In September 2004, the Exploratorium covered a conference in the Galapagos Islands organized by the National Center for Atmospheric Research (www.esig.ucar.edu/galapagos/index.html). The conference, held at the Charles Darwin Research Center on Santa Cruz Island, focused on atmospheric science, biological and conservation issues, and the social implications of El Niño forecasting on developing Pacific Rim countries. Conservation scientists have a growing interest in climate forecasting and early warning systems to improve their efforts in researching ecosystem responses, including human responses, to various “shocks.” Shocks are disturbances or abrupt changes in an ecosystem, caused by such things as extreme weather, natural disasters, and climate shifts (the latter are responsible for El Niño and La Niña). Shocks can also be human-caused disturbances, such as deforestation, pollution, and over fishing.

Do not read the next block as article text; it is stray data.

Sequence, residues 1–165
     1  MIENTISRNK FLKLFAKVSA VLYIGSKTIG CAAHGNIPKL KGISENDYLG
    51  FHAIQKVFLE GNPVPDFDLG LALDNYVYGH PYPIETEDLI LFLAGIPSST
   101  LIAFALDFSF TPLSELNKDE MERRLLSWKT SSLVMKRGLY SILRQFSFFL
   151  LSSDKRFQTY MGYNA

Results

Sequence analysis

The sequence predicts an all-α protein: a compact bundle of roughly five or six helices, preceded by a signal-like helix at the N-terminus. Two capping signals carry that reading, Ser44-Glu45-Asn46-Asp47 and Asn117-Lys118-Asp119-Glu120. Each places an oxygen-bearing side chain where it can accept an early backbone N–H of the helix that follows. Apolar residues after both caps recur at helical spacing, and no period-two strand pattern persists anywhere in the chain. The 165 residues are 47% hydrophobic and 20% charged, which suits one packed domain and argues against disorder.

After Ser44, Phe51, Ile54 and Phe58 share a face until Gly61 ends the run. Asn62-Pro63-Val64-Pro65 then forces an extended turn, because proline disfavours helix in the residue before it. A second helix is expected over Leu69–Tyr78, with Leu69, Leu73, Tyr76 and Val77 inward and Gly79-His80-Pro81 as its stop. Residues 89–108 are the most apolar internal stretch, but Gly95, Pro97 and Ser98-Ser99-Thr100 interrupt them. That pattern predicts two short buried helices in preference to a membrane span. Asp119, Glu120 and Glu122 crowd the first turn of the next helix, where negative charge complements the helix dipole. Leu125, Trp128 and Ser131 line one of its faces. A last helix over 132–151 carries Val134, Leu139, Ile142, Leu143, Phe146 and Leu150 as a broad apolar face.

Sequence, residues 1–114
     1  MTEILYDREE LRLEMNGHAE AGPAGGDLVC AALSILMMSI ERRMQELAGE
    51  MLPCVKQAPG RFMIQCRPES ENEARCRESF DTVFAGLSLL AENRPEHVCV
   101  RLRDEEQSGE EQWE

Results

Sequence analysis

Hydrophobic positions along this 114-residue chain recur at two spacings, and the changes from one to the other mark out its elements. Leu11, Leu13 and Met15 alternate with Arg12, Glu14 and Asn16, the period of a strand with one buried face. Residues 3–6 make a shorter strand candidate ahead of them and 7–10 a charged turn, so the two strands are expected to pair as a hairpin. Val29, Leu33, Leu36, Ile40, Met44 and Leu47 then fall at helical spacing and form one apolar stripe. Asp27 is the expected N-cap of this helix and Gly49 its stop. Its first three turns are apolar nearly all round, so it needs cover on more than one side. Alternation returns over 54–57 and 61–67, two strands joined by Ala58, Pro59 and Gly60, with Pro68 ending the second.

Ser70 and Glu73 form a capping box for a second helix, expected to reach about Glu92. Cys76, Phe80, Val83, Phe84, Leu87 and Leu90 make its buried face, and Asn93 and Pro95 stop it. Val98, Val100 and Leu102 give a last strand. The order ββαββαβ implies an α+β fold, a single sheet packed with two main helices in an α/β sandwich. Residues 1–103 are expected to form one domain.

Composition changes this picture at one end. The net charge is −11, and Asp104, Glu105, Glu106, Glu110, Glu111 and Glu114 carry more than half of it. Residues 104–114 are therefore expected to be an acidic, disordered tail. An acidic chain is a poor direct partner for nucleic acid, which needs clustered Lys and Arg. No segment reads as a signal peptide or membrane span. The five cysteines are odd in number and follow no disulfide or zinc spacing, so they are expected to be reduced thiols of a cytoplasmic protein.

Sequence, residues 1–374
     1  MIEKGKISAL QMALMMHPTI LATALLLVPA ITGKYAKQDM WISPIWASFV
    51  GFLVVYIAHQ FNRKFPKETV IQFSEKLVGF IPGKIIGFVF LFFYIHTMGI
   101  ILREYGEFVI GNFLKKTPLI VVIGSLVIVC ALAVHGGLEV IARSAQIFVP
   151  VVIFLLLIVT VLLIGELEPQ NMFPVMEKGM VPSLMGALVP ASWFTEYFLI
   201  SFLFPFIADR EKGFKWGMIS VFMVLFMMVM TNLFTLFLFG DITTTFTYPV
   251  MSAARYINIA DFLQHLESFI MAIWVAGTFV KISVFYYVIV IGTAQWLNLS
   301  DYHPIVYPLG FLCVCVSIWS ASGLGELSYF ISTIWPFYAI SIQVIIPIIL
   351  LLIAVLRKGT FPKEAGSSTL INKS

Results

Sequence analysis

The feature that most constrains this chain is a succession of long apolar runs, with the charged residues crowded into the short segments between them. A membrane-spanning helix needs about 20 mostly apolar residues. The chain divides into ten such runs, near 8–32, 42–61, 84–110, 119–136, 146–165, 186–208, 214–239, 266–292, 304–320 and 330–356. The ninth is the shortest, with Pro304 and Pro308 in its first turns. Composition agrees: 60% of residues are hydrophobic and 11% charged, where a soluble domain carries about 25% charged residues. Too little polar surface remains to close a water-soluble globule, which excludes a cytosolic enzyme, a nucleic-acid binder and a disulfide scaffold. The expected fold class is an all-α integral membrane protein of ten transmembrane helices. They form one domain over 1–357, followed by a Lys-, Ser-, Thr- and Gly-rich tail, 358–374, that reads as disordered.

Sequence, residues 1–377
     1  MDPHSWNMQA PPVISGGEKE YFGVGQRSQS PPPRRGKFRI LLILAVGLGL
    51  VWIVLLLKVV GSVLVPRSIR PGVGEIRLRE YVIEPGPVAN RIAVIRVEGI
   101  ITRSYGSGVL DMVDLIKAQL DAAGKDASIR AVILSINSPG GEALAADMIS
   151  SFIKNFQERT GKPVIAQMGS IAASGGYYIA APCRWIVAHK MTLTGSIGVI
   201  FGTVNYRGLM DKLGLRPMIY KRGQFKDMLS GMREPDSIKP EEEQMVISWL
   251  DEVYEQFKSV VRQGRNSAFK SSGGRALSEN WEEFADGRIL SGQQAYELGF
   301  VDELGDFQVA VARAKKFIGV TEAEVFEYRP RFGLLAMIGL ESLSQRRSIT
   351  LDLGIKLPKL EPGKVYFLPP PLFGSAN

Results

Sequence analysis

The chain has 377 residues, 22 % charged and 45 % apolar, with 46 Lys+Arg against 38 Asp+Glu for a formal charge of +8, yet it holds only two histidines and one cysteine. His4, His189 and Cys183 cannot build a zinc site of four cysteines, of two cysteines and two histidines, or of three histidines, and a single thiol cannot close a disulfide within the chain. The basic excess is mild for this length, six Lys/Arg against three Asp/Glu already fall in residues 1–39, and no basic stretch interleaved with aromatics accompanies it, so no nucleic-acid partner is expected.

Web producer and correspondent Mary K. Miller posted dispatches and images from the conference as well as streaming audio files of individual sessions. Some of the topics explored at the meeting and on the Exploratorium Web site include the unique setting in the Galapagos and the challenges posed by both climate fluctuations and a burgeoning population on this iconic biological preserve. In 1998, the Exploratorium first teamed up with NCAR, producing a live audio Webcast and dispatches from the La Niña Summit. (www.exploratorium.edu/la_nina).
El Nino Early Warning Report from Galapagos. About, Retrieved from http://www.exploratorium.edu/el_nino/about.html